This case study comprises three data sets: 1) Sixty children (0-17 years) who attended the Centre following suspected sexual abuse were ‘tracked’ to ascertain reasons for referral, type of examination undertaken and outcomes in terms of health status, social care input and criminal justice actions. 2) Semi structured interviews with 16 professionals (paediatricians, nurses, police officers and social workers) in which their perceptions of the centre were explored. 3) Analysis of patient and parent/carer satisfaction questionnaires.
Medical examination rarely confirmed abuse had occurred and only 13% of cases were pursued within criminal justice systems. However, 66% of children had an identified health need that required professional follow up. Interviews demonstrated that professionals believed the Centre provided a ‘child friendly’ facility that enhanced multiagency co-operation, but challenges associated with the principles of multiagency working were identified. Patient questionnaires demonstrated positive views of the care received by those who completed them.
Findings from the three data sets are presented as the child’s journey through a complex series of events in a case study ‘story’. The study demonstrates the way in which professionals may be distracted by the medico-legal demands of the ‘system’.
Children’s active participation in decision making should be promoted when actual or suspected abuse has occurred and a combined approach by multi-agency professionals, based on the individual needs of each child, is advocated not only during attendance at the specialist centre but also during a follow up period. Where abuse is not confirmed, children may benefit from continued care from health professionals. Nursing has the potential to adopt a greater leadership role in achieving the required change.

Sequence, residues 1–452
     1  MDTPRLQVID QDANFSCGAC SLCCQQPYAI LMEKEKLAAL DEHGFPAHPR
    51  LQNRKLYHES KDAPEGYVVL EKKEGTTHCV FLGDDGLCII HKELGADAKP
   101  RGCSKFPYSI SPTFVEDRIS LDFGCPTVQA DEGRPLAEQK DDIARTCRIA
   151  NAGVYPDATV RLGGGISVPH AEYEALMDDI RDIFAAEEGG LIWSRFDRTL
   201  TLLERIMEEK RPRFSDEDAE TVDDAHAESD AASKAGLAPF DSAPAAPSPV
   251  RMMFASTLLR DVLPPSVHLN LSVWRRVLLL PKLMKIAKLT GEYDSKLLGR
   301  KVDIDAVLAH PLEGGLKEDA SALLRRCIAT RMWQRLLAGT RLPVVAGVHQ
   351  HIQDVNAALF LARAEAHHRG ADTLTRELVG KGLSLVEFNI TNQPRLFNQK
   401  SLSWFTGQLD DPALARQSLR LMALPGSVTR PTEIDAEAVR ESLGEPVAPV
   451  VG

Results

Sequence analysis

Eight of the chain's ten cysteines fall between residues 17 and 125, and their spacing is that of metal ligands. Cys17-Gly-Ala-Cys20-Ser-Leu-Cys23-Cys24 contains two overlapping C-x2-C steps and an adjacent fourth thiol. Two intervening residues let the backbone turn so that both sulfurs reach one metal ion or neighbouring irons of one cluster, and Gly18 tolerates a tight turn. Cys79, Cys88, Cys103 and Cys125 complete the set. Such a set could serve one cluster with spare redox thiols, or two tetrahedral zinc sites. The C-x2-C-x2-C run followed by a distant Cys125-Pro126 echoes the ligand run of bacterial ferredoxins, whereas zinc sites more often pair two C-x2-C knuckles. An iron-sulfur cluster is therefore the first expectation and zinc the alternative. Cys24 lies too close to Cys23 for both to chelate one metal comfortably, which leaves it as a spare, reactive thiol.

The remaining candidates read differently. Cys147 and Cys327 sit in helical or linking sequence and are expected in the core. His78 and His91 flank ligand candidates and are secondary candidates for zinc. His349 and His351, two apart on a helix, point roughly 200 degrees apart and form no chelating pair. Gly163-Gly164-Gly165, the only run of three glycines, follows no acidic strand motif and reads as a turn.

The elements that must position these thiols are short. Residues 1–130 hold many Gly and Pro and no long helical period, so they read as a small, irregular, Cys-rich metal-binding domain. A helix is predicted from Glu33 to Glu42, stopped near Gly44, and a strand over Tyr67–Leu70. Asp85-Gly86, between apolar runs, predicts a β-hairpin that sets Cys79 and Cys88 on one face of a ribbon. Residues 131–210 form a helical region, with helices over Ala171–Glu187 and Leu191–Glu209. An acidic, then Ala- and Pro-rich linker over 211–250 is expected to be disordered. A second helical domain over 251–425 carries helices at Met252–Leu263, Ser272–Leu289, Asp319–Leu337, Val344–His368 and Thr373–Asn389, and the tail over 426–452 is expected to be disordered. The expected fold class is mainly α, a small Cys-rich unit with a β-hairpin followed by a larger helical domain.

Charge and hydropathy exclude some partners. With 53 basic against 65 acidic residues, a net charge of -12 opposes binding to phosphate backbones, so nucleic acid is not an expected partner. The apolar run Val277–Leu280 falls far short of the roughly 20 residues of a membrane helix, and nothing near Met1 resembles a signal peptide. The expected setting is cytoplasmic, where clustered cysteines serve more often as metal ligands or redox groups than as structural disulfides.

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Published date: May 2015
Organisations: University of Southampton, Faculty of Health Sciences

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Local EPrints ID: 378385
URI: http://eprints.soton.ac.uk/id/eprint/378385
PURE UUID: e4e8823c-40d6-4daa-a9af-22d19dfbc9e3

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Date deposited: 20 Jul 2015 12:35
Last modified: 30 Jun 2018 04:01